"What are you doing on a Postal ship?" Mellors asked.
"Why don't you ask the Chief that? He's the one who yanked me out of thePatrol and put me here."
"Can you beat that?" Gunderson asked incredulously. "Hal Preston, on aPostal ship."
"Yeah. Incredible, isn't it?" Preston asked bitterly. "You can't believeyour ears. Well, you better believe it, because here I am."
"Must be some clerical error," Gunderson said.
"Let's change the subject," Preston snapped.
They were silent for a few moments, as the three ships--two armed, oneloaded with mail for Ganymede--streaked outward away from Earth.Manipulating his controls with the ease of long experience, Prestonguided the ship smoothly toward the gleaming bulk of far-off Jupiter.Even at this distance, he could see five or six bright pips surroundingthe huge planet. There was Callisto, and--ah--there was Ganymede.
He made computations, checked his controls, figured orbits. Anything tokeep from having to talk to his two ex-Patrolmates or from having tothink about the humiliating job he was on. Anything to--
* * * * *
"_Pirates! Moving up at two o'clock!_"
Preston came awake. He picked off the location of the pirateships--there were two of them, coming up out of the asteroid belt.Small, deadly, compact, they orbited toward him.
He pounded the instrument panel in impotent rage, looking for the gunsthat weren't there.
"Don't worry, Pres," came Mellors' voice. "We'll take care of them foryou."
"Thanks," Preston said bitterly. He watched as the pirate shipsapproached, longing to trade places with the men in the Patrol shipsabove and below him.
Suddenly a bright spear of flame lashed out across space and the hull ofGunderson's ship glowed cherry red. "I'm okay," Gunderson reportedimmediately. "Screens took the charge."
Preston gripped his controls and threw the ship into a plunging divethat dropped it back behind the protection of both Patrol ships. He sawGunderson and Mellors converge on one of the pirates. Two blue beamslicked out, and the pirate ship exploded.
But then the second pirate swooped down in an unexpected dive. "Lookout!" Preston yelled helplessly--but it was too late. Beams ripped intothe hull of Mellors' ship, and a dark fissure line opened down the sideof the ship. Preston smashed his hand against the control panel. Betterto die in an honest dogfight than to live this way!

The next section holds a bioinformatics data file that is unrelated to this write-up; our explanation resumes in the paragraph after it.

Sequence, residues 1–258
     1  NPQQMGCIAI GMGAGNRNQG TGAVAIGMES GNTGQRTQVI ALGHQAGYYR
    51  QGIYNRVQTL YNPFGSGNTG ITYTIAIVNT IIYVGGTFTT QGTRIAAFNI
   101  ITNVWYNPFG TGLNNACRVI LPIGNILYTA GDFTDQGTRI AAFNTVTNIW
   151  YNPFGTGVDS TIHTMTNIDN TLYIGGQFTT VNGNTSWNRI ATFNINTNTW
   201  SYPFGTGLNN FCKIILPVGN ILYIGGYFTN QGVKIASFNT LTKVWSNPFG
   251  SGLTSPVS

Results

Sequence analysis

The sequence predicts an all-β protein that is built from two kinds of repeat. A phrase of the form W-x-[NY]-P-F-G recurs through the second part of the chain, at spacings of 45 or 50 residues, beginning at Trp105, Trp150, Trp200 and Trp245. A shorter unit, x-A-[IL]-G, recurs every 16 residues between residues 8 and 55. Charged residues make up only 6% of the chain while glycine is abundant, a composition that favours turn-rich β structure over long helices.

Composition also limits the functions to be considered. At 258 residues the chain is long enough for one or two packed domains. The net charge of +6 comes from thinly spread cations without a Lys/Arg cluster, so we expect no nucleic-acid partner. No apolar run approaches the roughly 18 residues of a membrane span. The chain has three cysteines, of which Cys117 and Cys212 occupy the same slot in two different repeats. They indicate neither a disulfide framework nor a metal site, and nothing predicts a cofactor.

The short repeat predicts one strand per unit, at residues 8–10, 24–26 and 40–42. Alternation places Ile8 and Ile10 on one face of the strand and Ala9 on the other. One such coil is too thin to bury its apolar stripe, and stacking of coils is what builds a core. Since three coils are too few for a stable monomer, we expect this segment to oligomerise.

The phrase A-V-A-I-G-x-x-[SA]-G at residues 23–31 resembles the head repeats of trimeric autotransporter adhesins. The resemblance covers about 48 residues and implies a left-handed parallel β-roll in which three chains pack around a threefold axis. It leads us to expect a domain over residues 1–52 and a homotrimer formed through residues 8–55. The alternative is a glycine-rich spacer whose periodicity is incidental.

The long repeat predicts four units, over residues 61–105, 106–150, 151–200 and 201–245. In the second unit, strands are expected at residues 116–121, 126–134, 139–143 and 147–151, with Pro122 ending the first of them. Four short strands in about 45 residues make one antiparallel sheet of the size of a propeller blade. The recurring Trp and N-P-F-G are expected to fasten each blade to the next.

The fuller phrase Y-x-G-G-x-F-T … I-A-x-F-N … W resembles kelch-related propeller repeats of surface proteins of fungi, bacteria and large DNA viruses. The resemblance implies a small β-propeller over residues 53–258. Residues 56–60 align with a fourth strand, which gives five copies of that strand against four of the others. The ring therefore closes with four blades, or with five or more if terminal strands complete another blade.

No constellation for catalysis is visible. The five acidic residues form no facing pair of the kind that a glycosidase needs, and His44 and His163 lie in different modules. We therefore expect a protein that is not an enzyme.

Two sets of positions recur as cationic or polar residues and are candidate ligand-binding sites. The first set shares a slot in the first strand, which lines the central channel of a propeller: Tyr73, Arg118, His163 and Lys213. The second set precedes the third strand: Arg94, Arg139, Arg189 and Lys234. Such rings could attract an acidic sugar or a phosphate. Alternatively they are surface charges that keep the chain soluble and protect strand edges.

It was one against one, now--Gunderson against the pirate. Prestondropped back again to take advantage of the Patrol ship's protection.
"I'm going to try a diversionary tactic," Gunderson said on untappabletight-beam. "Get ready to cut under and streak for Ganymede with all yougot."
Preston watched as the tactic got under way. Gunderson's ship traveledin a long, looping spiral that drew the pirate into the upper quadrantof space. His path free, Preston guided his ship under the other two andtoward unobstructed freedom. As he looked back, he saw Gundersonsteaming for the pirate on a sure collision orbit.
He turned away. The score was two Patrolmen dead, two ships wrecked--butthe mails would get through.
Shaking his head, Preston leaned forward over his control board andheaded on toward Ganymede.
* * * * *
The blue-white, frozen moon hung beneath him. Preston snapped on theradio.
"Ganymede Colony? Come in, please. T
There was silence for a second. "Come in, Ganymede," Preston repeatedimpatiently--and then the sound of a distress signal cut across hisaudio pickup.
It was coming on wide beam from the satellite below--and they had cutout all receiving facilities in an attempt to step up their transmitter.Preston reached for the wide-beam stud, pressed it.
"Okay, I pick up your signal, Ganymede. Come in, now!"
"This is Ganymede," a tense voice said. "We've got trouble down here.Who are you?"
"Mail ship," Preston said. "From Earth.
Postmark Ganymede by Robert Silverberg / Science Fiction have rating 1.9 out of 5 / Based on31 votes